#TGW: Catching Up with Super Bowl-Bound Philip Wheeler
Georgia Tech is represented by former student-athletes on both Super Bowl LI teams -- Wheeler (Atlanta) and Shaq Mason (New England)
Jan. 23, 2017
Matt Winkeljohn | The Good Word -
Philip Wheeler felt right at home Sunday evening, smiling as broadly as possible in a locker room full of impossibly happy men. After helping the Atlanta Falcons whip the Green Bay Packers, he took a moment to reflect on his pending trip to the Super Bowl -- the second such journey of his nine-year NFL career.
The former Georgia Tech linebacker is breathing rare air and he knows it. Many NFL players come and go without even making it to the playoffs. Many more never play in a Super Bowl.
"It's amazing," he said after the Falcons' 44-21 win over Green Bay in the NFC Championship Game, the final contest ever in the Georgia Dome. "This is wonderful. Just a fantastic feeling."
Wheeler made it to the Super Bowl in his second season, after the 2009 campaign and one year after the Colts selected him in the third round of the NFL Draft. He's not saying this trip is better than that one, but if the Falcons (13-5) manage to beat the Patriots (16-2) in Super Bowl LI on Feb. 5 in Houston, it surely will top the list.
Former Yellow Jacket Shaq Mason will have other plans. He's a starting guard for New England, making Georgia Tech one of only 12 programs with former players on both teams competing in this year's Super Bowl.
The Colts lost to the Saints in his first trip to the NFL's mecca, so Wheeler is pausing before making a bottom-line comparison. This hasn't been the same, though, in some notable ways.
Chiefly, it's been amazing the way Falcons head coach Dan Quinn has created a culture allowing "this to be a player-led team," as wide receiver Julio Jones said.
So much has been made of this team's "Brothership" -- a term coined accidentally by fullback Patrick DiMarco in merging the concepts of brotherhood and friendship -- and it's real.
Wheeler's having a blast and loving the ride as a reserve linebacker. As for the how it compares to his first Super Bowl journey with the Colts, it's hard to quantify, at this point, at least, "because the team was different, the environment was different, the chemistry was different," he said. "I feel like it wasn't better, either one, just different."
The Falcons' offense pulls most of the headlines for this team, leading the NFL in scoring with Jones making one amazing play after another. Quarterback Matt Ryan is expected to be named MVP of the league the day before the Super Bowl.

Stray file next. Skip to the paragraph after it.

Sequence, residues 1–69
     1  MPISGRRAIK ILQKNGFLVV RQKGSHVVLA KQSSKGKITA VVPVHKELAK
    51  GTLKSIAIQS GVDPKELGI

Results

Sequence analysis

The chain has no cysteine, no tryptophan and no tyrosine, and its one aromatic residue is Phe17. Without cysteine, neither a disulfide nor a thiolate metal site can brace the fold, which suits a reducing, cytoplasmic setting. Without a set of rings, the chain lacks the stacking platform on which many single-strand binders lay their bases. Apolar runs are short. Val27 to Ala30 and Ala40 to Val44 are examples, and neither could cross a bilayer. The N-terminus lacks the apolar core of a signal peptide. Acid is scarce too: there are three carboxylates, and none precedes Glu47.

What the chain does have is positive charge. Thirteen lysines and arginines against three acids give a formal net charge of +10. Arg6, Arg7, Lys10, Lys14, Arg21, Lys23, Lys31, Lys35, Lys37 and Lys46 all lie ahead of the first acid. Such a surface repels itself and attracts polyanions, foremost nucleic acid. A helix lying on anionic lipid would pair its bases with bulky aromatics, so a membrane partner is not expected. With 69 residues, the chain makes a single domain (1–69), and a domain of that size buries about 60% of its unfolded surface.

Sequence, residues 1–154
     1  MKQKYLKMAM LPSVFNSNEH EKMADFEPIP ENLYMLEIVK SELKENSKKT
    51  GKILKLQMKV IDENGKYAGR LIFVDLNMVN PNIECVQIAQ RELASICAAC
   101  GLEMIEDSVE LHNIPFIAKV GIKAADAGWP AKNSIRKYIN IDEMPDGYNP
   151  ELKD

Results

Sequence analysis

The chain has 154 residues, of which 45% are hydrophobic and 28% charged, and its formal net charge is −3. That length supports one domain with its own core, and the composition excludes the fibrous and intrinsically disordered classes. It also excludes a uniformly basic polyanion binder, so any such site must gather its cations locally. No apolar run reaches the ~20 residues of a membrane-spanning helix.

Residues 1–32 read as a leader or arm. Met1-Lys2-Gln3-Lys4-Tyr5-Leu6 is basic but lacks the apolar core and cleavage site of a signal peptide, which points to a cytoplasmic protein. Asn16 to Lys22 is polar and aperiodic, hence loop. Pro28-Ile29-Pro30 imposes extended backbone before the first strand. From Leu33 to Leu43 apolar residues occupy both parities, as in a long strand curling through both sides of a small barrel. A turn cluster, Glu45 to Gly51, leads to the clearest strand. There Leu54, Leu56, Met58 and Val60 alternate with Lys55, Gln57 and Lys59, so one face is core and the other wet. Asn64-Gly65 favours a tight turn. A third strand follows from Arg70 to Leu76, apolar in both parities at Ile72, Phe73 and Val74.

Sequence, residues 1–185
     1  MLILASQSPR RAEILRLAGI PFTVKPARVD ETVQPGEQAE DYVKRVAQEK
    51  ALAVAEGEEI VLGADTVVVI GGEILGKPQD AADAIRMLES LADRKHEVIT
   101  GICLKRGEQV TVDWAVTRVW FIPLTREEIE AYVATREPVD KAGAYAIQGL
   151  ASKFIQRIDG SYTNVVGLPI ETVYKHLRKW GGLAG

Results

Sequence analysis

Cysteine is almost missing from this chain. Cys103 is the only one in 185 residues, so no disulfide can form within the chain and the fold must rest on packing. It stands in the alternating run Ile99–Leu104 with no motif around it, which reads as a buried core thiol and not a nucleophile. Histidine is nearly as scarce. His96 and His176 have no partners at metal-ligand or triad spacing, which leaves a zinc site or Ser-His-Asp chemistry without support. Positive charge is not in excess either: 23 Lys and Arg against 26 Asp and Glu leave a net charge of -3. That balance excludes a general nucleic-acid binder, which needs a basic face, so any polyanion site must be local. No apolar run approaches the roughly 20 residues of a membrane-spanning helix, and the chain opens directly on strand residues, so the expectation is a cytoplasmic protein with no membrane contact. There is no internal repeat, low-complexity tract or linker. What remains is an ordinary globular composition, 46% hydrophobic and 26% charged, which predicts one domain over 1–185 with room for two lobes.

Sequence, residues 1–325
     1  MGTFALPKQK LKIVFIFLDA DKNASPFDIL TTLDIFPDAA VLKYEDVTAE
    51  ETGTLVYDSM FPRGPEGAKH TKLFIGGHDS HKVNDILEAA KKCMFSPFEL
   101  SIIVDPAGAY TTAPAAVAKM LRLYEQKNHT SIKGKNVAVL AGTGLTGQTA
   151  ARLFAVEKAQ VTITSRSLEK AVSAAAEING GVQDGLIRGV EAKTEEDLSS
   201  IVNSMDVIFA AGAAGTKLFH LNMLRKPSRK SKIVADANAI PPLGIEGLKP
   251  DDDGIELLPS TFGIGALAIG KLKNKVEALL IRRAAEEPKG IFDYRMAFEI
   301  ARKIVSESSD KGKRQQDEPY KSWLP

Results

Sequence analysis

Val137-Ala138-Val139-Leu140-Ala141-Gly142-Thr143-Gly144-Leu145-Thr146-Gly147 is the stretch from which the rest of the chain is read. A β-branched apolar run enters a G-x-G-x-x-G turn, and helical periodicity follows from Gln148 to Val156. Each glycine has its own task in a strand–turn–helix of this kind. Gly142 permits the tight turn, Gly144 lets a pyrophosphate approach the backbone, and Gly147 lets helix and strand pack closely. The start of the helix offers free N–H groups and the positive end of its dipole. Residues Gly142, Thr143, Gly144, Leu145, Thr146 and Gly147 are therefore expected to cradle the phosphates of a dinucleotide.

On Sunday, the defense did more than its fair share of work, tightening down on Green Bay quarterback Aaron Rodgers to make him look mortal. The key, Wheeler said, was, "The way we pressured him. We didn't get to him all the time, but we corralled him."
Wheeler, who played at Tech from 2003-07, led the Jackets with nine sacks as a junior and, as a senior, paced the squad with 89 total tackles. He closed his career with 11 tackles against Georgia and another 11 against Fresno State in the 2007 Humanitarian Bowl.
He joined the Falcons as a free agent in the middle of the '15 season and, last March, signed a one-year, $965,000 contract for '16. After playing in all 16 regular season games and registering 28 tackles and two for lost yardage, he's played in playoff wins over the Seahawks and Packers, too.
The win over Seattle was good for a $49,000 player bonus and he'll earn another $103,000 if the Falcons win the Super Bowl, $53,000 if they don't.
He's not thinking about such things these days. Wheeler's marveling over his shared fate with the Falcons, who before the regular season were widely considered a candidate to compete for the NFC South division title but little more.
They've flown past those expectations.
"We felt like we had the talent always but we had to put everything together," Wheeler said. "We did that mid-season; you could see when we went on our runs, we started jelling together. I feel like it was obvious -- you could see it."